- Language. Latin was the official administrative language of the Roman Empire and continues to be the official language used by the Catholic Church in its official communications and writings and also in its traditional mass and prayers. It wasn’t until late in the 20th century, with reforms of Vatican II, that other languages were permitted to be used in Catholic liturgies.
- Name. The Catholic Church carries the name of the empire in which it was founded, its full name being the “Roman Catholic Church.”
- Location. The capital of the Roman Empire was the city of Rome, considered to be the center of the world—where all roads led. Likewise, the headquarters of the Catholic Church, the Vatican, is within the city of Rome, which is known to the church as the “seat of the supreme authority” and by its ancient name, the “Eternal City.”
- Titles. “Pontifex Maximus” (supreme pontiff) was the title for the most powerful pagan priest in ancient Rome. Emperors Julius Caesar and Augustus both carried the title. The Catholic Church now uses the same title for the pope, who is appointed by the College of Cardinals, akin to ancient Rome’s College of Pontiffs.
- Calendar. The Romans developed a solar calendar, introduced by Julius Caesar in 45 B.C., known as the Julian calendar. It became the calendar the Catholic Church would use to observe its religious festivals. Later, in 1582, Pope Gregory XIII added corrections to the leap year calculations in the calendar and wiped out 10 days to correct for past errors, giving rise to our modern calendar named after him, the Gregorian calendar.
- Monasticism. In ancient Rome, there were men and women who dedicated themselves to the service of their gods. One way some did that was through asceticism, the practice of self-denial. Men would be celibate, and young girls would dedicate much of their lives as virgins serving in the temple, such as the Vestal Virgins. This practice continues in the Catholic Church with priests, monks and nuns vowing to remain celibate and unmarried. The concept of a monastery and convent is not found in the Bible. The apostle Paul included this practice in a list of “doctrines of demons” (1 Timothy 4:1-3). (To learn more, read “Church History: Augustine.”)
- Persecution. The Roman Empire was originally known for its persecution of Christians, but eventually took on the banner of “Christian.” However, the form of Christianity it adopted was very different from the Church described in the book of Acts. Ironically, the Roman church continued to persecute those who practiced the genuine faith taught by Jesus, calling them “Judaizers” and an “anathema.” (To learn more, read “The End-Time Ride of the White Horse of Revelation” and “Who Changed the Day of Worship From Saturday to Sunday? Why?”)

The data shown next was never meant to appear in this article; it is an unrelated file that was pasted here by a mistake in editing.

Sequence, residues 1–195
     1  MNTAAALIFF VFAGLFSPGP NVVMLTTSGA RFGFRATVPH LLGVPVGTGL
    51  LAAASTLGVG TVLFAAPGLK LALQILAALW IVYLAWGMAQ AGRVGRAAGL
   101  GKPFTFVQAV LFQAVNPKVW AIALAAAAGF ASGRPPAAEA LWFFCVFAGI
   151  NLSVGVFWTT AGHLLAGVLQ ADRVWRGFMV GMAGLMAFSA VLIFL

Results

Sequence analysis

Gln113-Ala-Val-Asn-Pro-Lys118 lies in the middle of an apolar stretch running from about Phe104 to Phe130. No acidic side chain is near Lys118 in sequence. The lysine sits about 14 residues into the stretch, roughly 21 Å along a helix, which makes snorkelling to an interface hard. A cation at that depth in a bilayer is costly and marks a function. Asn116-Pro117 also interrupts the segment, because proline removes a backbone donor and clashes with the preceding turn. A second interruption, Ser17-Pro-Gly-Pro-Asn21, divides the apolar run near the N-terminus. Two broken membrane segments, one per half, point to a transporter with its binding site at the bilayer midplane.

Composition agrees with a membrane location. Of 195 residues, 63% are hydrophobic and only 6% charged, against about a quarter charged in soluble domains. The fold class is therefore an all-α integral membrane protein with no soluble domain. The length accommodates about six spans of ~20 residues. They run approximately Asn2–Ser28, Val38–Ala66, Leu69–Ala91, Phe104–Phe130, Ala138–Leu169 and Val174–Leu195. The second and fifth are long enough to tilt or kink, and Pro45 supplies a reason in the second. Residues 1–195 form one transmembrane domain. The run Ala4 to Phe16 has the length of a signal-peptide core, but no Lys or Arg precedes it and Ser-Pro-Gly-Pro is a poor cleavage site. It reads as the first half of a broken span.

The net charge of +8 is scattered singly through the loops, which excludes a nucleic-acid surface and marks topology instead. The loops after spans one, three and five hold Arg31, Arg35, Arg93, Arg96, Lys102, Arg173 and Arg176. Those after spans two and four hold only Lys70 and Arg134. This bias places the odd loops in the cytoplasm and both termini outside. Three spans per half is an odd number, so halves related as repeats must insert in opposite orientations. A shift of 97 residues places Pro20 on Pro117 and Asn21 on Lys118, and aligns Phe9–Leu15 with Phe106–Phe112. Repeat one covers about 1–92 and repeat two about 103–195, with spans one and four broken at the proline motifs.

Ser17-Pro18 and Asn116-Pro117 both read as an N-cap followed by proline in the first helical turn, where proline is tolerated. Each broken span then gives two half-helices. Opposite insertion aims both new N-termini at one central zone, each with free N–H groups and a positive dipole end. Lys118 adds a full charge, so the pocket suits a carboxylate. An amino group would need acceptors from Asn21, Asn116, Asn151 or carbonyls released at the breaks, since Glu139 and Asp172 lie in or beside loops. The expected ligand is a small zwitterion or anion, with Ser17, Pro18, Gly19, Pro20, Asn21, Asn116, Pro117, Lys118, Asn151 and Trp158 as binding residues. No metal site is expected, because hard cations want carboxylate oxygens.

- Art. Many images of Jesus in Catholic art have features similar to those in depictions of the Roman gods, particularly Apollo and Jupiter. Jesus is portrayed as having long hair, the sun’s rays and the moon’s halo as symbols of divinity. (To learn more, read “Where Did the Popular Image of Jesus Come From?”)
- Saints. In ancient Rome, there were gods for nearly all areas of life. For instance, there was Apollo, the god of healing and oracles. There was Aesculapius, the god of health and medicine. There was Venus, the goddess of love. There was Mars, the god of war. The Catholic Church simply replaced the ancient gods with the personas of dead saints. Every day, millions of Catholics pray to these dead saints as intercessors to try to get a desired outcome. (To learn more, read “Should We Pray to Saints?”)
Like an imprint of a dignitary on a coin, the Roman Empire made its imprint on the Catholic Church. A close look at the Roman Catholic Church shows that it has far more in common with the ancient Roman Empire than it does with the Bible. The Catholic Church has kept many of the practices, customs and imagery of ancient Rome alive into modern times.
We believe that the governmental structure of this church is “the image of the beast” described in Revelation. It will grow in power and influence as the end times get closer.
The real Church
Jesus said that He would build His Church, and “the gates of Hades shall not prevail against it” (Matthew 16:18). So, what happened to the Church Jesus Christ said He would build and would never be destroyed?
It must still exist today!
To learn more about the characteristics of the Church that is built on Jesus Christ, not the ancient Roman Empire, read our free booklet Where Is the Church Jesus Built?